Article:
The Wellcome Trust, a charitable foundation that supports biomedical research and the medical humanities, is drafting a submission for the Leveson inquiry. The group declined to share any details, but the document will be posted on its website once its finished, according to senior media officer Craig Brierley.

Whatever comes of it, Nature’s editorial suggested that efforts like the Leveson inquiry may not make as much of an impact on science journalism as alternative, digital media:

Through online forums, blogs and Twitter, a cottage industry has grown up around instant criticism of dodgy scientific claims and dubious findings. This parallel journalism is increasingly coming to the attention of the mainstream press — as demonstrated by the rising number of stories in the press that were first broken by blogs.

It may seem thankless at times, but the army of online commentators who point out the errors, the inconsistencies and the confounding factors, and from time to time just scream ‘bullshit’, have the power to hold the press to account. This ongoing war of attrition against those who would put their own agendas above the facts cannot take away their platform, but it can chip away at something they prize even more: their relevance, and with it their pernicious influence.

Dr. Ben Goldacre, an epidemiologist and frequent media critic who writes the weekly “Bad Science” column in the Guardian, found the Nature’s perspective “fascinating and heartening.”

“There is now a small army of nerd bloggers who, whenever they come across a misleading story, will stand up and point out the flaws,” he wrote in an e-mail. “This is obviously therapeutic for the nerds - I count myself as one of them - and preserves refutations online, searchable and indexed, in a way that may come up on a Google search on a specific issue, even if a blanket mass audience isn’t reached as effectively through blogs as through a newspaper.”

Nonetheless, “it’s hard to be sure if this has an impact on journalists,” he added. The journalism community’s response to his media criticism “consists largely of threats, abuse, crude attempts at blackmail, complaints with forged documentation, and the occasional smear.”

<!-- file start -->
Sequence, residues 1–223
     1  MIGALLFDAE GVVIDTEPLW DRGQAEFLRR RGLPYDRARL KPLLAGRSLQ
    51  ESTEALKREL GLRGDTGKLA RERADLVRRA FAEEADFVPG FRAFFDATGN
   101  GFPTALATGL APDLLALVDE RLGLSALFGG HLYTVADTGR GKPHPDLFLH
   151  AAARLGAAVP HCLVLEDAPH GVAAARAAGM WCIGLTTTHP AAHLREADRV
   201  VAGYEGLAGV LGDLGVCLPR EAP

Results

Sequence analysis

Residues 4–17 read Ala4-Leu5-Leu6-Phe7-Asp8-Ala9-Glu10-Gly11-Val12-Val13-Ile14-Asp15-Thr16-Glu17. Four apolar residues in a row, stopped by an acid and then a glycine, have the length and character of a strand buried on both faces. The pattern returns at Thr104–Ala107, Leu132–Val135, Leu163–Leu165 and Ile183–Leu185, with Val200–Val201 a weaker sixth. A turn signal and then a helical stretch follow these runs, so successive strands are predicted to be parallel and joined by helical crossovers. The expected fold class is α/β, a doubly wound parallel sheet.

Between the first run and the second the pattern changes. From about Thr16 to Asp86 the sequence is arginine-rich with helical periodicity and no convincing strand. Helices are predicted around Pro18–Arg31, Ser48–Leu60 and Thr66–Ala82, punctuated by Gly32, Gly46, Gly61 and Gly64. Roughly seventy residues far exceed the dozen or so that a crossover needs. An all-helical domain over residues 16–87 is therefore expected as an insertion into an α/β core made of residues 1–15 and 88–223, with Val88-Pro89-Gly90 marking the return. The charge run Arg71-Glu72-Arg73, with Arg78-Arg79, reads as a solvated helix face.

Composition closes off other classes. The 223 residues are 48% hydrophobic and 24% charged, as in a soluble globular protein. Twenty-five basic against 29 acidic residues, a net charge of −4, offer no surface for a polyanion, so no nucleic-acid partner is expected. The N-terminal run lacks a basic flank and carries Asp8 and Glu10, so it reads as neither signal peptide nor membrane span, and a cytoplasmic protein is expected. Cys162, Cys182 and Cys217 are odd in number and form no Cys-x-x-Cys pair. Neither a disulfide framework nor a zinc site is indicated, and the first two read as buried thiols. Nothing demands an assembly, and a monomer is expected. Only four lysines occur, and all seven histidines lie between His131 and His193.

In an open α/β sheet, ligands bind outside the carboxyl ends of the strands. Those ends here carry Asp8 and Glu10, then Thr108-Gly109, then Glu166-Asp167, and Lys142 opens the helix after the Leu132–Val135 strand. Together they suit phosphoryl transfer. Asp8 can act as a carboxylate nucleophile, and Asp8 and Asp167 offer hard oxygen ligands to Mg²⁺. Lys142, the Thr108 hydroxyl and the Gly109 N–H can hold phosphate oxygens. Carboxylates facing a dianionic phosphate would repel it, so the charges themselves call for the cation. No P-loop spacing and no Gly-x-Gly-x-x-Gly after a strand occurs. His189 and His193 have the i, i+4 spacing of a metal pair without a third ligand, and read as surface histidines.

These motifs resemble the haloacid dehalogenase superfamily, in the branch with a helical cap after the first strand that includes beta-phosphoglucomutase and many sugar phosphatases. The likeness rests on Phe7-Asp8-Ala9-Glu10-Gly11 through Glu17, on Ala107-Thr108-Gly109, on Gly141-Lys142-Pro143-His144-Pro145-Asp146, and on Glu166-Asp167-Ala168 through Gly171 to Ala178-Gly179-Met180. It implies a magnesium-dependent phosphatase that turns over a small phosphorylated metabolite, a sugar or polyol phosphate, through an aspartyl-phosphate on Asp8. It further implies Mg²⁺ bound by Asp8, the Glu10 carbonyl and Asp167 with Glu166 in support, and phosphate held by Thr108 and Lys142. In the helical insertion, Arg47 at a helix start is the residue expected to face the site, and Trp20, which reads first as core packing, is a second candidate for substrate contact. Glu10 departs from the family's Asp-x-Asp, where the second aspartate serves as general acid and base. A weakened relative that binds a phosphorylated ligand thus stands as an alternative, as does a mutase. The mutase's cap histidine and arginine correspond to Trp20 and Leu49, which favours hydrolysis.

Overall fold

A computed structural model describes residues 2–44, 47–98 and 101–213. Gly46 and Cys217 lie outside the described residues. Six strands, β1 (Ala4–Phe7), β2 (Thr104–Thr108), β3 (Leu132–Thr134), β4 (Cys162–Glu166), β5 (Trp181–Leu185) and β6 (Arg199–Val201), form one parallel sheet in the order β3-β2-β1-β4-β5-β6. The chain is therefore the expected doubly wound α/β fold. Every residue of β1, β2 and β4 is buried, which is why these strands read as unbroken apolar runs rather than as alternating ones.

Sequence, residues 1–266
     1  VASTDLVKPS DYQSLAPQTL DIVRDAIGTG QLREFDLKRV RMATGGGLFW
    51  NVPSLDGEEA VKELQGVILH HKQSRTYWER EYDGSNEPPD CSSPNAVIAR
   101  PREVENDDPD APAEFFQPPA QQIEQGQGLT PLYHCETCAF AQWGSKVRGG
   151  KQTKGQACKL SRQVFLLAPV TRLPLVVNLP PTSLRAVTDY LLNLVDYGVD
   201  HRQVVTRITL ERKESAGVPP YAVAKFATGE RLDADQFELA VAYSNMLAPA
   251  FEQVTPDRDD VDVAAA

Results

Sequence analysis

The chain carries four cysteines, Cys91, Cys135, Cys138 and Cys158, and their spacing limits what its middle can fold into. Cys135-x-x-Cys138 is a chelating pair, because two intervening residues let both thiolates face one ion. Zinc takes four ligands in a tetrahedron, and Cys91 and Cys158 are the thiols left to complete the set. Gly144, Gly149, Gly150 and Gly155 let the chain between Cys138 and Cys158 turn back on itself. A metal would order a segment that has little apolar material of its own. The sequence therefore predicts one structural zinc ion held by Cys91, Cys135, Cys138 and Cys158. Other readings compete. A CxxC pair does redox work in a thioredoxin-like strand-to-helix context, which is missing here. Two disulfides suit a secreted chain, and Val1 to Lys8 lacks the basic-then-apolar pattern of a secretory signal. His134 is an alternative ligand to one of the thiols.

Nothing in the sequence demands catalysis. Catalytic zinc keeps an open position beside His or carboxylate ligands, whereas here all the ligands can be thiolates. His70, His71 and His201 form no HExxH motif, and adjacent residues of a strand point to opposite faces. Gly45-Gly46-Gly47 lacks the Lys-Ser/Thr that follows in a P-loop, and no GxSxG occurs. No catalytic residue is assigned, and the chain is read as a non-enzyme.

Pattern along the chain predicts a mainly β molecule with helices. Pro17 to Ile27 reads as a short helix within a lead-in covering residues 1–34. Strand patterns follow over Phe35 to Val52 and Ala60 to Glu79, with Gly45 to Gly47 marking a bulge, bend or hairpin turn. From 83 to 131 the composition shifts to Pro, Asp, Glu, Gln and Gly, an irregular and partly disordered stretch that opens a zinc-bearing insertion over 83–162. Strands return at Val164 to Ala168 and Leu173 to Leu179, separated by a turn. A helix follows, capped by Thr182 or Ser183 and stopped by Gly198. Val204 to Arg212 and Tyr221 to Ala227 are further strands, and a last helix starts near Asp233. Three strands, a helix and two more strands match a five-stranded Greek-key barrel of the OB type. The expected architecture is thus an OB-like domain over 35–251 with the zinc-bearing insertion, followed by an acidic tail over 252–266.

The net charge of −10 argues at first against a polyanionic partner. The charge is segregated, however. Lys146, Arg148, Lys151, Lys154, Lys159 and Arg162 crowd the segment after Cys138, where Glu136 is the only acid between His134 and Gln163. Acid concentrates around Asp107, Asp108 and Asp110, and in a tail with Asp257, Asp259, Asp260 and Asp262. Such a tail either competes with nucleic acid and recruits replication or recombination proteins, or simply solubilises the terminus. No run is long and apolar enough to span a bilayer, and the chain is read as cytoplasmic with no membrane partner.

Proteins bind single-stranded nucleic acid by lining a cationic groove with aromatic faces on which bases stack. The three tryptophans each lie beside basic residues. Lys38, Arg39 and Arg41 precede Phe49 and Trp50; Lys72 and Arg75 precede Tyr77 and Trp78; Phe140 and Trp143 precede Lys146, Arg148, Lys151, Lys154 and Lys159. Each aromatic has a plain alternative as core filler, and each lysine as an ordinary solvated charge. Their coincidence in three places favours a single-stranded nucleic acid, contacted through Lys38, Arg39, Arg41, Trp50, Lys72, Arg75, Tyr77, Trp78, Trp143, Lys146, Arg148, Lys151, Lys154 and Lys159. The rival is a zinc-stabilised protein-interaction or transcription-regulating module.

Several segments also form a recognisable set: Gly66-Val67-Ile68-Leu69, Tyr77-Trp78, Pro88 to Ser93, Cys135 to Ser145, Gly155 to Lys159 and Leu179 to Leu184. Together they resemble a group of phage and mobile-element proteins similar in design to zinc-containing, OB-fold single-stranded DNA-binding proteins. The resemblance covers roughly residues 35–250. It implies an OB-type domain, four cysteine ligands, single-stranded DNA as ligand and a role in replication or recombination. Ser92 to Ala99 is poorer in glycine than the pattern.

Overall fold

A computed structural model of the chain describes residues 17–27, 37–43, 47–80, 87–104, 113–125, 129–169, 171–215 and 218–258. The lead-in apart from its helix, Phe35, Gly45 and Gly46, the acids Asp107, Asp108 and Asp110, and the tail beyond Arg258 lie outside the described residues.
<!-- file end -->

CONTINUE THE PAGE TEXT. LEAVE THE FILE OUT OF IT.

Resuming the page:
By way of example, Goldacre cited an incident in 2010 in which a health reporter for The Independent scolded him for reasonable criticism of an Observer article that mischaracterized a study of the effects of omega-3 fish oil on brain activity in children. He also cited an incident in early December in which The Observer’s ombudsman reprimanded bloggers for reasonable criticism about a story that touted an unproven and questionable form of cancer treatment.

“To me, stories like these tell a pretty disheartening story about British journalism and the likelihood of it reacting positively to justified criticism from outside,” Goldacre wrote in his e-mail to CJR. “They demonstrate a failure to react in a mature, human fashion, when errors are reasonably pointed out.”

That’s unfortunate. Journalists should be open to and learn from reasonable criticism. But the emphasis there is on reasonable. In turning its gaze toward science journalism, the Leveson inquiry must take care not to become a witch hunt.

Journalists must have leeway to criticize powerful scientists and scientific organizations without feat of retribution. One should not forget the example of science writer Simon Singh, whom the British Chiropractic Association accused of libel for suggesting that there was little evidence for some treatments recommended by chiropractors. Despite an initial judgment against Singh, the writer won an appeal that allowed him to defend his criticism as a statement of opinion rather than a statement of fact, and the association withdrew its lawsuit in April 2010.

It seems unlikely that Leveson inquiry will turn persecutory in its examination of science journalism, however. In fact, a few placed recommendations along the lines of those suggested by the SMC could be helpful. Science journalism does, after all, have a direct impact on the way people make important life decisions, and it must be held to the highest standards.

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Curtis Brainard is the editor of The Observatory, CJR's online critique of science and environment reporting. Follow him on Twitter @cbrainard.